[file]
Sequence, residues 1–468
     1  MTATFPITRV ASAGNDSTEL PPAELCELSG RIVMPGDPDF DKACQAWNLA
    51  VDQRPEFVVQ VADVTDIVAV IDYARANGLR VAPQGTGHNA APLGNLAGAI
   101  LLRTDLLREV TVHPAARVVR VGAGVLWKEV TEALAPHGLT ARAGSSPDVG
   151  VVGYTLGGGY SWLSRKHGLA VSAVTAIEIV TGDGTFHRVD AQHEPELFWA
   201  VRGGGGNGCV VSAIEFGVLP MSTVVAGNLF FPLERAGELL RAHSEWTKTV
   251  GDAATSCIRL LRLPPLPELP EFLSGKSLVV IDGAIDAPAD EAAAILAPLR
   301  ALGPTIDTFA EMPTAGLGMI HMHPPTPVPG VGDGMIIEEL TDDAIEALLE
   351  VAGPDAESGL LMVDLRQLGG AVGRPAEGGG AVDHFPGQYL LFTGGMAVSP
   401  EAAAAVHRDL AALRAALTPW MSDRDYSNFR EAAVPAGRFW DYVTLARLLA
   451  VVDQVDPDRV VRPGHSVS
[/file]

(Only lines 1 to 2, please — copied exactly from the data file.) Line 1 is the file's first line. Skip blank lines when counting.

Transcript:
Sequence, residues 1–468
     1  MTATFPITRV ASAGNDSTEL PPAELCELSG RIVMPGDPDF DKACQAWNLA